Métis communities are found across Canada; however, the only legislated Métis land base is in Alberta. Eight Métis settlements are located across the northern and central-eastern part of the province: Paddle Prairie, Peavine, Gift Lake, East Prairie, Buffalo Lake, Kikino, Elizabeth and Fishing Lake. As of 2016, the settlements cover 512,121 hectares of land and are home to approximately 5,000 people. The Métis Settlements are self-governing and provide for the protection of Métis culture and identity.

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Terrebonne

Vieux Terrebonne is a veritable heritage storehouse. The historic buildings and landmarks of the old village centre recall the role played by the NORTH WEST COMPANY in the history of Terrebonne.

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Percé

Percé's history is as old as that of NEW FRANCE. Jacques CARTIER arrived there in 1534, and European fishermen used the bay as a haven in the 16th and 17th centuries.

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Barrie

Barrie, Ontario, incorporated as a city in 1959, population 147,829 (2021 census), 141,434 (2016 census). Barrie is located at the head of Kempenfelt Bay, on the western edge of Lake Simcoe. Located within Simcoe County, Barrie shares borders with the municipalities of Oro-Medonte, Springwater, Essa and Innisfil. Throughout history, the Barrie area has been home to different Indigenous groups, namely the Huron-Wendat, Haudenosaunee and Anishinaabeg peoples. The land is covered by treaties 16 and 18.

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Mascouche

The history of Mascouche was closely linked to the roles played by Gabriel Christie and Peter and his son John Pangman, 3 of the last owners of the Seigneury de La Chesnaye.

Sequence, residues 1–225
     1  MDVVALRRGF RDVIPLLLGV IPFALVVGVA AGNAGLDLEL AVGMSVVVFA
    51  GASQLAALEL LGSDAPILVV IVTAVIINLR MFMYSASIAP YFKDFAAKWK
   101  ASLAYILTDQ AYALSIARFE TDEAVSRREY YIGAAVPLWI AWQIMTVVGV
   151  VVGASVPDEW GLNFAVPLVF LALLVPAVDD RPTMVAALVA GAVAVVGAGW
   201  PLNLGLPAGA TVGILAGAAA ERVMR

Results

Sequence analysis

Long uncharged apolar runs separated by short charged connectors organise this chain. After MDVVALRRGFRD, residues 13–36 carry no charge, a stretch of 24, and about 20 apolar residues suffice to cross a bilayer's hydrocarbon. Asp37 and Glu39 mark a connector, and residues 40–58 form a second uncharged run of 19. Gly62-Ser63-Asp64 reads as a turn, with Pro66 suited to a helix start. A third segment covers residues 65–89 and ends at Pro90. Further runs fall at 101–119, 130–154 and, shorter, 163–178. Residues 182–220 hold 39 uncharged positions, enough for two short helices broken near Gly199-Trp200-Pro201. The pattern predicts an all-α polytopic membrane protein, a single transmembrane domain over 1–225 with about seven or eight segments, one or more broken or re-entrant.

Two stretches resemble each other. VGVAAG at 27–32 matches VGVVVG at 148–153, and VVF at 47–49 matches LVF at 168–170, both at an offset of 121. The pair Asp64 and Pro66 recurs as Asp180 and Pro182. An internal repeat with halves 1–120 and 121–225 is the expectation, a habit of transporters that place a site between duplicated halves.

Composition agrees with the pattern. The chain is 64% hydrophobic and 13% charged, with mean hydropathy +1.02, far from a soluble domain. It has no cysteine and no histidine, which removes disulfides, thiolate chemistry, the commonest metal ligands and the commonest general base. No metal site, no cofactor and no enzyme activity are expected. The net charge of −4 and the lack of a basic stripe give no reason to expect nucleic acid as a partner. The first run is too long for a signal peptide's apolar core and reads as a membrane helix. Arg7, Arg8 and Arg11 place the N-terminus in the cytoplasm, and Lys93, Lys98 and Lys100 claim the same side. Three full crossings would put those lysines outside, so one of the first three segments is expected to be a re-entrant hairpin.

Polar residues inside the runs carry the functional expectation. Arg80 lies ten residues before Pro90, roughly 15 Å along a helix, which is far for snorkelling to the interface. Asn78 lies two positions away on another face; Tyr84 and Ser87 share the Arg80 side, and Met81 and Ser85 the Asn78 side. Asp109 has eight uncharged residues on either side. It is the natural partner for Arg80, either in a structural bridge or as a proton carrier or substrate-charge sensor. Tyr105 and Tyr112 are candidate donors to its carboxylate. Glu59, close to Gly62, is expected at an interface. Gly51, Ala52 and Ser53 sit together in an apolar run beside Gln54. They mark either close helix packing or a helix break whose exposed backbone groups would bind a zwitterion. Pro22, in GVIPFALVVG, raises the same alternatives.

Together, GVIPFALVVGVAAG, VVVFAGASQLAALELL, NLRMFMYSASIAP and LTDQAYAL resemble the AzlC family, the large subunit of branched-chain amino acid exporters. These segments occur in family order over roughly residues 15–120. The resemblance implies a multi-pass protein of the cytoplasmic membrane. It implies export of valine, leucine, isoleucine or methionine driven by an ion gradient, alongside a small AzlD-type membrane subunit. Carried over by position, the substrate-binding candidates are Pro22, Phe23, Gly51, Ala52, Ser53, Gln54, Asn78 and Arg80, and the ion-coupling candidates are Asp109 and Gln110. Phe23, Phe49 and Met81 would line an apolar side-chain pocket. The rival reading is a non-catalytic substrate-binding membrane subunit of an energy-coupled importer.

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Ajax

Ajax, Ontario, incorporated as a town in 1955, population 119,677 (2016 census), 109,600 (2011 census). The town of Ajax is located 13 km from the eastern boundary of Toronto on the north shore of Lake Ontario. Ajax became part of the Regional Municipality of Durham in October 1973. In January 1974, Ajax expanded to include the village of Pickering (incorporated 1953) and part of Pickering Township.

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Pickering

Pickering, Ontario, incorporated as a city in 2000, population 91,771 (2016 census), 88,721 (2011 census). The city of Pickering is located 43 km east of Toronto on  Lake Ontario. It was named after the town of Pickering in Yorkshire, England. Pickering is also part of the Regional Municipality of Durham.

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Salaberry-de-Valleyfield

Salaberry-de-Valleyfield draws its labour force from the local population and its history is marked by often violent labour disputes (see COMPANY TOWNS). Originally (1874) it was called Salaberry, in honour of Charles d'Irumberry de SALABERRY.

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L'Ancienne-Lorette

The history of L'Ancienne-Lorette goes back to 1674, when the Jesuit Pierre Chaumonot (1611-93) built a chapel on this site for the HURONS who had been forced to flee their homeland (Ontario) by the Iroquois.

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Montréal: 375 Years of History and Heritage

On 17 May 1642, a group of French settlers led by Paul de Chomedey de Maisonneuve and Jeanne Mance established the missionary colony of Ville-Marie on the Island of Montréal. Today, this modest settlement founded in the middle of the St. Lawrence River is Canada’s second largest city and home to nearly half of the province of Québec’s population. A centre of francophone culture in North America, Montréal also enjoys international renown.

Through exhibits, images and articles — as well as several Heritage Minutes about influential Montrealers — this collection celebrates the 375-year heritage and history of this important cultural and economic centre.